Antisocial behaviour

 What is antisocial behaviour?

Antisocial behaviour is an aggressive and destructive activity that intimidates, threatens and causes distress. It damages the life quality of individuals, families and communities.

Examples of antisocial behaviour include: 

  • rowdy, noisy behaviour
  • 'yobbish' behaviour
  • dealing or buying drugs on the street
  • aggressive begging
  • street drinking
  • setting-off fireworks late at night
  • vandalism, graffiti and fly-posting
  • fly-tipping rubbish
  • street prostitution

Antisocial behaviour holds back the regeneration of disadvantaged areas - creating an environment that encourages more serious crime. By working closely with communities, local authorities and other key partners, we monitor antisocial activity and take co-ordinated action to stop it.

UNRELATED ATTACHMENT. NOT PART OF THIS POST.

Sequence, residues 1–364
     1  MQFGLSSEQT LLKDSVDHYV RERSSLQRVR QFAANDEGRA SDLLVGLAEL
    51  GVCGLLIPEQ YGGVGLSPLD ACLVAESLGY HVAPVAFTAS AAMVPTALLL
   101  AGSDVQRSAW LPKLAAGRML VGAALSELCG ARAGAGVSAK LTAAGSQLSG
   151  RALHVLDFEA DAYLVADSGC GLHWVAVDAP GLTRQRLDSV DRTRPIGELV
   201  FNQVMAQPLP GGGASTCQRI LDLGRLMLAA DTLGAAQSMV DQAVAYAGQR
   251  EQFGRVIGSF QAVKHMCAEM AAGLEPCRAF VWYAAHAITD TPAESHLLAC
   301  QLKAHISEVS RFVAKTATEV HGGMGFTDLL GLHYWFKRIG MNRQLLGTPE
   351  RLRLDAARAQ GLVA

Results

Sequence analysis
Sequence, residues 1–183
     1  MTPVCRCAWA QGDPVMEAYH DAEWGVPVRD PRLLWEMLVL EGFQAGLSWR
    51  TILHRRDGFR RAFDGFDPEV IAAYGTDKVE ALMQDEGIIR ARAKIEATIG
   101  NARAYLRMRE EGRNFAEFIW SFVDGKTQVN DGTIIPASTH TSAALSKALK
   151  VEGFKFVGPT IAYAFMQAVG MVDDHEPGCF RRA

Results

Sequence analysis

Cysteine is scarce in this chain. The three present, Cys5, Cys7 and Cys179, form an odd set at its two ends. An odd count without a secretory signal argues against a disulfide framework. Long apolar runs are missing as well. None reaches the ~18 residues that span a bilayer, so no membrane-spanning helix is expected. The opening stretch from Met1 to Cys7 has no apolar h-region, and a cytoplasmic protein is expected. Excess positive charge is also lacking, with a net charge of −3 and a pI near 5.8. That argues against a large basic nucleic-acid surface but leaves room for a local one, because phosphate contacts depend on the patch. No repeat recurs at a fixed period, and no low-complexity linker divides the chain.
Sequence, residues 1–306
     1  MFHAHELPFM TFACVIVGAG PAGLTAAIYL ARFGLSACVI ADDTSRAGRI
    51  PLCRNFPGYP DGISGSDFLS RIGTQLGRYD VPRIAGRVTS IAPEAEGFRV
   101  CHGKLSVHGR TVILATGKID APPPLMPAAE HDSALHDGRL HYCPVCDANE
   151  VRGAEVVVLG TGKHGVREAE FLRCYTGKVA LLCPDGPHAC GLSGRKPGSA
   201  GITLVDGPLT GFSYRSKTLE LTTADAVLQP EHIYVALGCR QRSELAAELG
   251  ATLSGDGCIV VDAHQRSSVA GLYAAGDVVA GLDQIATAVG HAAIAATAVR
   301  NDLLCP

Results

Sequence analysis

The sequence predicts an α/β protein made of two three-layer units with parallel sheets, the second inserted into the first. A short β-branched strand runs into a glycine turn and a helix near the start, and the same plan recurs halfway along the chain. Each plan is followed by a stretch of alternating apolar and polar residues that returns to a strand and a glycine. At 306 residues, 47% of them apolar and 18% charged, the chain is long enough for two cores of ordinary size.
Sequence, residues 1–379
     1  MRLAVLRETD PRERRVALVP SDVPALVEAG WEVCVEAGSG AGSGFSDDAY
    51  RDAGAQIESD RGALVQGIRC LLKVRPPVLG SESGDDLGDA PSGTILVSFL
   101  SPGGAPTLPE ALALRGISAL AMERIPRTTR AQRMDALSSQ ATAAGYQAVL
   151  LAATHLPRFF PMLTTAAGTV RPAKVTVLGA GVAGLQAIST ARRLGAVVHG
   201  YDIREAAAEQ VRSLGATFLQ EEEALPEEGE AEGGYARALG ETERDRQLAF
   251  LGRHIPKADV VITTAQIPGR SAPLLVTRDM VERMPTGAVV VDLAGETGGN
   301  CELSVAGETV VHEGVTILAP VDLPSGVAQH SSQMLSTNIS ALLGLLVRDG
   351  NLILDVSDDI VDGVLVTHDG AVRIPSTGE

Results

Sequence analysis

Antisocial behaviour can happen at any time - but it increases during the summer when the nights are longer. We also see a rise in antisocial behaviour during major events like Bonfire Night and Halloween.

The DirectGov website has resources that has more information on how the different strands of government tackle anti-social behaviour.

Not all cases of antisocial behaviour involve crime

Abandoned vehicles and unkempt gardens are antisocial, but they're not criminal offences. Your local council has a responsibility to resolve some incidents. We work with them – and other partner agencies – as part of our commitment to the Crime and Disorder Reduction Partnership (CDRP).

More in… Crime reduction

Also in… Antisocial behaviour

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